Ok, what makes this important? Any evidence that the US labor force is suffering from poor reading skills? If reading skills have been flat since 1990 then we should start seeing some effect 14 y ears later as those students enter the labor market? If such effects are undetectable it may be that this metric tells us very little. This is the problem with using non-market measures of 'quality'....even when you are supposedly advocating a market oriented policy.

Boonton writes:
A voucher is no different than a Pell grant. Do you think that Harvard's standards are lower just because it accepts Pell grants?

No but the average quality of colleges probably did fall as Pell Grants became more available. In a free market the person who buys the product pays for it. With vouchers, conservatives often seem to forget that it's the taxpayers who are paying for the product. This is not to say I'm totally against them. I think they would be ideal for nationalized health care but I don't see the case for using them in education accross the board.

don't send my son to my parish school because of how much they pay the teachers. I send him there because I value the discipline and the type of education that he gets there. In all honesty, the public school probably has better test scores, but there is more to education than test scores.

Which goes back to my original question, are we sure that teacher salaries really shouldn't be more 'average' than varried? Some professions have a wide range of salaries. The best paid lawyer makes many, many times more than the average or worst paid lawyer. In contrast, the best Blockbuster clerk probably makes only a little bit more than the average or worst one.

Tuition is $2500 per year, and it will go up about 5% next year. I'd love to get a voucher to cover that cost.

Of course you would love it but why should the taxpayers love severing all control with how their money is spent? Also with Catholic schools I would ask is $2500 per student per year the true cost or the subsidized one? I wonder how much does the Churge use general revenues to keep tuition artifically low? To what degree does donated free labor (either from clergy or volunteers) further permit tuition to be that low? Add in there selection bias since the Catholic school can opt to education the kids with dedicated parents & without major problems.

It doesn't really follow that just because 1% of the kids can be educated on $2500 per year therefore 80% can. Like a hospital where the average bill is $7500, you can find patients whose cost is only $500 as well as ones whose costs are $100K.

Boonton writes:

Alternative Explanation:

The article published in the NY Times is interesting but I wonder if market forces really explain the difference. Why would this be when 40 years ago most schools were public schools as they are today.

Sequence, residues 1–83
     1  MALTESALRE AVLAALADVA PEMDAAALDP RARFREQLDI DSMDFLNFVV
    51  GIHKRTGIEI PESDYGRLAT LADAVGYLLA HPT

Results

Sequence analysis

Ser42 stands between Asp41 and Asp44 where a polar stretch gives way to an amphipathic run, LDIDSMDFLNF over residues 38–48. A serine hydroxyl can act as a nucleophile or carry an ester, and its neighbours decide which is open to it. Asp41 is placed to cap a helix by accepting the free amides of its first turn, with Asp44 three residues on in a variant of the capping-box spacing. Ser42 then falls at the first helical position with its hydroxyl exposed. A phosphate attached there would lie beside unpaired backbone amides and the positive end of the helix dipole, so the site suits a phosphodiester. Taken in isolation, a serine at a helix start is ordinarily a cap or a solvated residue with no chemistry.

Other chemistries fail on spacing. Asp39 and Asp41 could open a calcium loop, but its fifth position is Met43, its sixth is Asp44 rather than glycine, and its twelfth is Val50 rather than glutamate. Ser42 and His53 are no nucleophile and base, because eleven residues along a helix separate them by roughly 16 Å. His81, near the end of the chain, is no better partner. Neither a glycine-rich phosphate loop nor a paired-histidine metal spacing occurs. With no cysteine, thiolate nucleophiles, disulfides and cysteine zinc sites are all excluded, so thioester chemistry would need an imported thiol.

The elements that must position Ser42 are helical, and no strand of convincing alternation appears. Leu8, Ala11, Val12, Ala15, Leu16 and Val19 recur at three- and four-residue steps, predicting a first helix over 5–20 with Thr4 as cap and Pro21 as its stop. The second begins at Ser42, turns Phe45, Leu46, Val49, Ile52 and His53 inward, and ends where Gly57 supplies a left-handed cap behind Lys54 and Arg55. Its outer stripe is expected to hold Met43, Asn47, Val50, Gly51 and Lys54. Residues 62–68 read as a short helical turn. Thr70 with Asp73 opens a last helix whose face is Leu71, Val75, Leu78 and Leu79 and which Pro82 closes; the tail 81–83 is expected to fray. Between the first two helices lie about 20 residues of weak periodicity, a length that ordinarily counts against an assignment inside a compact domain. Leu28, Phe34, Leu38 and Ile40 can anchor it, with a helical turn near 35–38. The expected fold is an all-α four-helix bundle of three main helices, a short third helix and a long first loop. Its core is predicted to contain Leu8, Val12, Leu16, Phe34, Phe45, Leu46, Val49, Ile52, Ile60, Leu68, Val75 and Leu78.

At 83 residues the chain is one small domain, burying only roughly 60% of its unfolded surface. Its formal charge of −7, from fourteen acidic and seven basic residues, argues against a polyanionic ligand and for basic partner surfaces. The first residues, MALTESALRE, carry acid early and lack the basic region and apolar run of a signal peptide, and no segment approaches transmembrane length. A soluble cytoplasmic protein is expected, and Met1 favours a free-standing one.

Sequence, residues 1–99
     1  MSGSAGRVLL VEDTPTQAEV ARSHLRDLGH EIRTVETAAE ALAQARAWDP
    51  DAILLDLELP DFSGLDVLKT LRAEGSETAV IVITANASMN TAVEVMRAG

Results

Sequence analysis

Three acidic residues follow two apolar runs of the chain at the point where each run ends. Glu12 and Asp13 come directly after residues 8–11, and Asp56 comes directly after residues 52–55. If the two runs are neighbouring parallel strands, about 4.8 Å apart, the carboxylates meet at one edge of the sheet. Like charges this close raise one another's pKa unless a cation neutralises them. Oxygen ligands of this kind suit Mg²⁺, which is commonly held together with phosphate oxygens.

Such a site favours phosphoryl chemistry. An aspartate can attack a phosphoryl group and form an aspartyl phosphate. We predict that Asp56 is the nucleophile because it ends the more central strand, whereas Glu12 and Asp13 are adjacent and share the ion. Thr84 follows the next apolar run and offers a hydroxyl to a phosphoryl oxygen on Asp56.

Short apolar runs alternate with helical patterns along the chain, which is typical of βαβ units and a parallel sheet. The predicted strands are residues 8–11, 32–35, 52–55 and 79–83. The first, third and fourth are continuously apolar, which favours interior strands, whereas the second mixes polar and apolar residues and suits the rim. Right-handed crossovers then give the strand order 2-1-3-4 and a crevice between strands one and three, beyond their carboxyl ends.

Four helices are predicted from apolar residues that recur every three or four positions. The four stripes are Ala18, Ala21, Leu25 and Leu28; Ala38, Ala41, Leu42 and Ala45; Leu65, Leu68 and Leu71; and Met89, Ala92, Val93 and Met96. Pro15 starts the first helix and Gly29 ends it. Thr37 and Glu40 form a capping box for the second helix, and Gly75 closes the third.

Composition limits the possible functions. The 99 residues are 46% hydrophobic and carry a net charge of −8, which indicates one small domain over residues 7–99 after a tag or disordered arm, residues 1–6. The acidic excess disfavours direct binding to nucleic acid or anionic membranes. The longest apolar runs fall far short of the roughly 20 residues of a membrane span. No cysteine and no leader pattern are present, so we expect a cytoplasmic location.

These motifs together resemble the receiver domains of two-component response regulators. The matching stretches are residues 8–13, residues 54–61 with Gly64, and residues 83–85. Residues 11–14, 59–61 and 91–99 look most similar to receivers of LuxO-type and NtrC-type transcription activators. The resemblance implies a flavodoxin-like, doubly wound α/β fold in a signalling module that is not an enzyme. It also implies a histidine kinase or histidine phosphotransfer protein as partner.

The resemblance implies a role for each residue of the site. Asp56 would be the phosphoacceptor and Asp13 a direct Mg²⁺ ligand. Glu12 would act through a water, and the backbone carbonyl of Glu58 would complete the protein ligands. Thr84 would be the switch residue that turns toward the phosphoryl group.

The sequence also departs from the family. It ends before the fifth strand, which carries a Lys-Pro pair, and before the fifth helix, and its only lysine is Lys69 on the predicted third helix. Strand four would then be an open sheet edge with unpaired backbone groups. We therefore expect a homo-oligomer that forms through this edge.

Perhaps an alternative explanation would be as follows: Say female teachers were preferred by the public schools 40 years ago. If the schools needed a lot of teachers (and I assume they did to teach the baby boomers), then what would happen if they needed more teachers than female college grads?

A likely result would seem to be that females at the top of their class would command a premium. Not because they were necessarily better teachers but because they were valuable enough to overcome society's bias towards women in professions other than teaching. If a school wanted to fill its classrooms with female teachers, it would have to pay these top grads a premium.

Of course, a tight labor market for teachers also makes unionization all the easier (where will you find scabs to bust the union?).

Eric Krieg writes:

>>Also with Catholic schools I would ask is $2500 per student per year the true cost or the subsidized one? I wonder how much does the Churge use general revenues to keep tuition artifically low?

Yes they do. The parish kicks in 20%. So figure true cost of $3000.

And for point of comparison, I pay $1200 in property taxes for elementary and middle schools, and $800 for the high school.

Eric Krieg writes:

>>Any evidence that the US labor force is suffering from poor reading skills?

Hell yes! At least part of the outsourcing boom is because of the limited skills and education of American workers. Indians aren't just cheaper, they are often better educated, as anyone who has had to take a calculus class with them (and get curved against them) will tell you.

And I haven't even come into contact with Indian Institute of Tehcnology or IIS grads. The ones who come here for undergrad are the "dumb" ones who couldn't get into IIT or IIS.

Funny story: I am in Rotary with the Superintendant of our local high school district. This woman is the CEO of a 5 high school system, responsible for the education of maybe 15,000 kids.

So I was my usual self, rightwinger that I am, complaining about something that was going on at the local high school.

She told me that I needed to get into the schools and find out what was really happening there, because I didn't have any "perspective". She basically told me I was ignorant about schools.

I replied that I would go to her school to get "perspective" if she would take a calculus class down at the Illinois Institute of Technology with a bunch of Indian nationals, so she could get some "perspective" on outsourcing!